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CNBC Transcript: Martin Gilbert, Co- Chief Executive Officer, Standard Life Aberdeen

Following is the full transcript of CNBC's exclusive interview with Martin Gilbert, Co-CEO of Standard Life Aberdeen. This interview broadcasted in Asia on Friday, 15 September from the 2017 Singapore Summit.

All references must be sourced to a "CNBC Interview".

Interviewed by Amanda Drury, Contributor, CNBC.

Amanda Drury (AD): Let's talk North Korea first of all, which has fired off another missile test. And naturally, people are asking themselves and their portfolio managers questions like, should I get a little more defensive should I change my strategy? What do you think?

Martin Gilbert: I think probably just ignore it at the moment. I think it would be wrong to have any sort of kneejerk reaction to your, to peoples' portfolios at the moment. So our view is, let's just keep investing as we normally do.

AD: You say ignore it at the moment. At what point do you stop ignoring it?

Martin Gilbert: Well, I think if it gets more serious, you obviously have to take it, you obviously have to look at it but as I say, at the moment, I wouldn't do anything – just at this precise moment in time. I hope those words don't come back to haunt me in the future.

AD: Yes, we're going to play that soundbite in the future when things really go to hell in a handbasket! Talk to me about being a co-CEO. Do you think this is going to work or is it just too many cooks in the kitchen?


Martin Gilbert: No it works pretty well. I mean, we get on very well. In fact, it works very well. In fact, I wish I'd had a co-CEO before. We're different sort of personalities and we've got different interests. So Keith is especially strong on actually running of the asset management business, the asset allocations, all those sort of things. I'm probably more externally focused. So it's a good combination and its nice having someone to bounce things off because being a CEO is quite a lonely job so now, you know, at least you've got someone to speak to.

AD: Indeed. You've said that your new global giant is going to be a UK financial services champion. Something that is particularly pertinent in the light of Brexit and what that could do to the reputation of London as a financial services centre. How does Brexit change things for you at the company?
Martin Gilbert: Yeah, not much. I mean, asset managers always… The big asset managers always ran their European operations out of Luxembourg. We always had European funds run out of Luxembourg and UK funds runs out of London. Or European funds run out of Dublin. So it really doesn't change very much at all. For the life part of the business, they had branches in Germany and Ireland so they will set up a new subsidiary in Dublin to incorporate those two branches. So slight change for them but for the asset management side of the business, no real changes at all.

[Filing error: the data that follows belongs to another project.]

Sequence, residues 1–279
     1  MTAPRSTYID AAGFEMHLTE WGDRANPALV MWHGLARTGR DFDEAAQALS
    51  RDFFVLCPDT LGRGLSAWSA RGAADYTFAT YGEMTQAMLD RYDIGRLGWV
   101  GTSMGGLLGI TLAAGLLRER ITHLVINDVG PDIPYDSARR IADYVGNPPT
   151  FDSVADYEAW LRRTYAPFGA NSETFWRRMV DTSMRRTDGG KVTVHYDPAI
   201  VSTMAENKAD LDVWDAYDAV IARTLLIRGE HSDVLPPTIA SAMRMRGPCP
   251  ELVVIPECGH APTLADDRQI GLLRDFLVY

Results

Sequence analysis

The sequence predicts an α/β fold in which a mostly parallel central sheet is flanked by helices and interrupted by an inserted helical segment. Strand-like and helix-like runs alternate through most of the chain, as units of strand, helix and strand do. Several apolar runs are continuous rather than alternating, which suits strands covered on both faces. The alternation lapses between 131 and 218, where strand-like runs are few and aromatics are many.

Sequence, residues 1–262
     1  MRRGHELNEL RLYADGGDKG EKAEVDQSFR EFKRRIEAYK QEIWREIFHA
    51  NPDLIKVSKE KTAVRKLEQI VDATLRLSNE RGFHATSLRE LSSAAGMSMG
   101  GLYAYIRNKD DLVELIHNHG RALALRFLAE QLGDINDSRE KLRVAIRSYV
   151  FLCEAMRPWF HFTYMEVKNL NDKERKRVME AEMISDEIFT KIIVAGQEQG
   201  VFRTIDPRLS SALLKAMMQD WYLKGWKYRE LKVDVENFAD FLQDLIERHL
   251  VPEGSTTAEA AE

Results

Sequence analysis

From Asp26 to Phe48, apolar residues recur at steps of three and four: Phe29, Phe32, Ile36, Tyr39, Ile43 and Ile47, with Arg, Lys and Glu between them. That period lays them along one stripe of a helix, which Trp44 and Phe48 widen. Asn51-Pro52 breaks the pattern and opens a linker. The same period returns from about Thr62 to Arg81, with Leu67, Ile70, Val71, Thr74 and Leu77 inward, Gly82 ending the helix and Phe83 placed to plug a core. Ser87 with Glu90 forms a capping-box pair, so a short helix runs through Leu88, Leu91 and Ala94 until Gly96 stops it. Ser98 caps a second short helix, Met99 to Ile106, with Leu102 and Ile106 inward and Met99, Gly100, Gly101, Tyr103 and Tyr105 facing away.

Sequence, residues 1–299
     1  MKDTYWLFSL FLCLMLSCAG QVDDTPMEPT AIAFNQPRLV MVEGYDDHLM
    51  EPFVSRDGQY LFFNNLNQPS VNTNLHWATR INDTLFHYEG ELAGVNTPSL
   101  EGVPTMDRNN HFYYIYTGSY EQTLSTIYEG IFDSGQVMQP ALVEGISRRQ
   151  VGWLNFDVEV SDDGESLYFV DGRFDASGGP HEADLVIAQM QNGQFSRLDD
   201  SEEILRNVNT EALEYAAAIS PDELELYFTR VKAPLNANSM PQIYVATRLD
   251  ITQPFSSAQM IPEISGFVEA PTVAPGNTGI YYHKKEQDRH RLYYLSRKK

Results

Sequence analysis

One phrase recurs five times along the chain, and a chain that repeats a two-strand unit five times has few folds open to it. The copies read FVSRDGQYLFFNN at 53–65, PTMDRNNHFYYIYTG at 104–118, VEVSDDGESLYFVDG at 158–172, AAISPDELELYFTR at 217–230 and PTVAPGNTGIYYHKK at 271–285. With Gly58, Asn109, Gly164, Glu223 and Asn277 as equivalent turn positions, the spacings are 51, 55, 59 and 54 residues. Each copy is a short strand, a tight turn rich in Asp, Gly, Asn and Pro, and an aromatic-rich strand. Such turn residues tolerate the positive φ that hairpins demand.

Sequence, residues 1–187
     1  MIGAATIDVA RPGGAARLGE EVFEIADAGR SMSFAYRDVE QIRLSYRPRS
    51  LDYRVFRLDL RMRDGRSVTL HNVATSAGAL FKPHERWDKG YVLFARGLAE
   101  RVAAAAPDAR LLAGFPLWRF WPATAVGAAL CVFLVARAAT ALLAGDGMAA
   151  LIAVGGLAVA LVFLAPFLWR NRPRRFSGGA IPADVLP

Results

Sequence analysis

AD: But with the increasing focus on Dublin, in order to cater to your EU customers, does that take away from London at all?


Martin Gilbert: No, not really. I think it's… it would be a handful of people affected by it. And the same with the banks. The banks are probably the most affected so companies like Barclays are going to have to set up a new operation subsidiary, again in Dublin, I think they're going. So, I don't think it's going to have a huge effect on London.

AD: Has the government asked for your advice at all, in the Brexit process?

Martin Gilbert: Yeah, obviously Prime Minister May has had meetings with myself and other representatives of the assert management business.

AD: What did you say?

Martin Gilbert: We just outlined what was important to us, which is a period after the two years – a transition period. And she understands the issues. She also understands how important financial services is to the UK. But it's a typical situation. What a politician will say to you in private and what they say to you in public are often two very different things. She definitely gets the importance of it.

AD: Talking about your first priorities for this newly merged company.

Martin Gilbert: I think just merging the businesses – I know that sounds a glib answer but we really have to put the two businesses together now to form one business. Really try to make two and two make five rather than two and two make three. So that's what we're concentrating on at the moment. Just looking at which teams are moving and where they'll be based and which offices (they'll) be moving into. Just those sort of mundane things that you need to do.

AD: Increasingly, individuals are having to take responsibilities for planning their own retirement, as governments are… they're burdened and they're having to step away. Companies are also increasingly stepping away. How does that change the kind of investment offerings and capabilities that you give people?

Martin Gilbert: I mean, very… it changes it a lot. First of all, it's very good for the fund management industry, as people are having to provide for themselves. But it means you have to go down much more to the individual rather than, as we tended to be, very much in the defined benefit market rather than the defined contribution market.

AD: Very, very quickly, one of the themes here at the Summit is going to be the role of AI in all the industries that have been represented here. As asset managers themselves are being taken out of the picture and automated, can a machine do what a human does in asset management, better or worse?

Martin Gilbert: No, it can't do what a human does in active asset management. It's already replacing humans in smart… in beta or passive but certainly in active, luckily for the fund managers, they still have a future.